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St. Louis: Evolution Of American Urban…
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St. Louis: Evolution Of American Urban Landscape (Critical Perspectives On… (edição 2001)

por Eric Sandweiss (Autor)

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201900,046 (2.5)Nenhum(a)
St. Louis's story stands for the story of all those cities whose ambitions and civic self-image, forged from the growth of the mercantile and industrial eras, have been dramatically altered over time. More dramatically, perhaps, than most -- but in a manner shared by all -- St. Louis's changing economic base, shifting population and altered landscape have forced scholars, policymakers, and residents alike to acknowledge the transciency of what once seemed inexorable metropolitan trends: concentration, growth, accumulated wealth, and generally improved well-being. In this book, Eric Sandweiss scrutinizes the everyday landscape -- streets, houses, neighborhoods, and public buildings -- as it evolved in a classic American city. Bringing to life the spaces that most of us pass without noticing, he reveals how the processes of dividing, trading, improving, and dwelling upon land are acts that reflect and shape social relations. From its origins as a French colonial settlement in the eighteenth century to the present day, St. Louis offers a story not just about how our past is diagrammed in brick and asphalt, but also about the American city's continuing viability as a place where the balance of individual rights and collective responsibilities can be debated, demonstrated and adjusted for generations to come.… (mais)
Membro:tmennel1
Título:St. Louis: Evolution Of American Urban Landscape (Critical Perspectives On The P)
Autores:Eric Sandweiss (Autor)
Informação:Temple University Press (2001), Edition: 1, 288 pages
Colecções:Lista de desejos
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St. Louis: The Evolution of an American Urban Landscape por Eric Sandweiss

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This book starts with St. Louis’s founding and really goes only to the formal institution of zoning in the early 1920s. Sandweiss argues that the city’s development was a result of constant tension between small, fenced-off corners (the house, the neighborhood block) and the wider world, and the city was an unstable middle ground. This is a history told from the point of view of white (sometimes Anglo and sometimes “ethnic”) officials and businessmen, who were often tied by at least running in the same social circles, if not the same families. Throughout the nineteenth century, a main conflict was over improving roads—something the city wanted the directly benefited landowners to pay for, and something those landowners wanted to be a shared burden given the presumably shared benefit in making the city function better. The balance changed from time to time, and the city enacted special assessments on the local landowners—but that meant that only wealthy neighborhoods got good roads, because only they could pay for them. Technology changes, but not politics. By the twentieth century, the leading lights of the city said outright that the city was “a great business establishment” and thus needed planning. Given this conception, it was no surprise that some people held more “shares” in the city than others, and deserved a greater voice. Although zoning and comprehensive planning arrived in the mid-1910s, just the time when the white majority of St. Louis voted for racial zoning excluding blacks from living in white areas and vice versa, race doesn’t play a big part of Sandweiss’s story, though it gets hard to ignore near the end.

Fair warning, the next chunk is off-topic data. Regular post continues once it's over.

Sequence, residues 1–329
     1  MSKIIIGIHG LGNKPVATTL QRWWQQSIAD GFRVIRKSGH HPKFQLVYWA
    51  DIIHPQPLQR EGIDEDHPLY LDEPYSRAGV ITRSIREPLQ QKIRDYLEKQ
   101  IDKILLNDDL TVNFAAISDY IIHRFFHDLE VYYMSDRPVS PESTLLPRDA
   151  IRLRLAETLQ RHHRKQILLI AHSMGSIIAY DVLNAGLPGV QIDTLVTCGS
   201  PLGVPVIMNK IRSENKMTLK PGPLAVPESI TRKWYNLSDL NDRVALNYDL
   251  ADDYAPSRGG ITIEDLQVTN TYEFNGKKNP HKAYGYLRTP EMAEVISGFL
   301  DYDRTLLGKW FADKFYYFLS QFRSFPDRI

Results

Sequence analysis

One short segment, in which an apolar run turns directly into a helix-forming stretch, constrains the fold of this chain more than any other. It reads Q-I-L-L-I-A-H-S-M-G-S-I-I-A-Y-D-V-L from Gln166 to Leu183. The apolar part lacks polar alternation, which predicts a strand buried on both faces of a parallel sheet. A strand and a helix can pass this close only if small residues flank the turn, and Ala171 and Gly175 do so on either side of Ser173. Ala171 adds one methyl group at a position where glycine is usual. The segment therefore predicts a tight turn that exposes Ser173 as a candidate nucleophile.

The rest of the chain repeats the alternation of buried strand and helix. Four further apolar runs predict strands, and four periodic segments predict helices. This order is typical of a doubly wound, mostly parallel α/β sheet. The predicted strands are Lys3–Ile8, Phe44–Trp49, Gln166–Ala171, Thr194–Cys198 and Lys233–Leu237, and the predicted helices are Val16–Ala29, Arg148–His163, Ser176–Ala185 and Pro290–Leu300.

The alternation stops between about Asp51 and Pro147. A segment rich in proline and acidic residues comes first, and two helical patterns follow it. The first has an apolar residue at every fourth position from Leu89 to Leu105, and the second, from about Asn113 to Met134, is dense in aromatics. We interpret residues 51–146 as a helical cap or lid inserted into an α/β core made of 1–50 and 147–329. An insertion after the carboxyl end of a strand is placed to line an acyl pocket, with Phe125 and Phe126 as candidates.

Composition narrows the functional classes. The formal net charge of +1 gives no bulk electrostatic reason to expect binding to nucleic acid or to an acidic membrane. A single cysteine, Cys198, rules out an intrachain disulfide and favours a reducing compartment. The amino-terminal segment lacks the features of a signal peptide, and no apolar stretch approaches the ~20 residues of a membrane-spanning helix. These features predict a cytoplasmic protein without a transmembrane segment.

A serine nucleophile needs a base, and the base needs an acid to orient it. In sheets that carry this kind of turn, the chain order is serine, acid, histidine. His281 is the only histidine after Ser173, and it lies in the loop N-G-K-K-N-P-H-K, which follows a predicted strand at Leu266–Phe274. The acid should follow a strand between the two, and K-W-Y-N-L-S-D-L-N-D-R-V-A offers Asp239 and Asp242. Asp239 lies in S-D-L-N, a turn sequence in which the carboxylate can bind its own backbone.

I did love the bit in the intro where Sandweiss discusses nearby Wildwood’s attempts to create a community through New Urbanist principles, where the contractor-planners “flatter their client’s [Wildwood’s] revolutionary spirit with talk of the ‘Jeffersonian’ grid, as though a community of sturdy husbandmen were only awaiting the arrival of front porches and four-way stop signs to make its presence known.” Still, the built environment does shape behavior, which is why there’s always so much concern about it among homeowners and local officials. ( )
  rivkat | Sep 6, 2015 |
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St. Louis's story stands for the story of all those cities whose ambitions and civic self-image, forged from the growth of the mercantile and industrial eras, have been dramatically altered over time. More dramatically, perhaps, than most -- but in a manner shared by all -- St. Louis's changing economic base, shifting population and altered landscape have forced scholars, policymakers, and residents alike to acknowledge the transciency of what once seemed inexorable metropolitan trends: concentration, growth, accumulated wealth, and generally improved well-being. In this book, Eric Sandweiss scrutinizes the everyday landscape -- streets, houses, neighborhoods, and public buildings -- as it evolved in a classic American city. Bringing to life the spaces that most of us pass without noticing, he reveals how the processes of dividing, trading, improving, and dwelling upon land are acts that reflect and shape social relations. From its origins as a French colonial settlement in the eighteenth century to the present day, St. Louis offers a story not just about how our past is diagrammed in brick and asphalt, but also about the American city's continuing viability as a place where the balance of individual rights and collective responsibilities can be debated, demonstrated and adjusted for generations to come.

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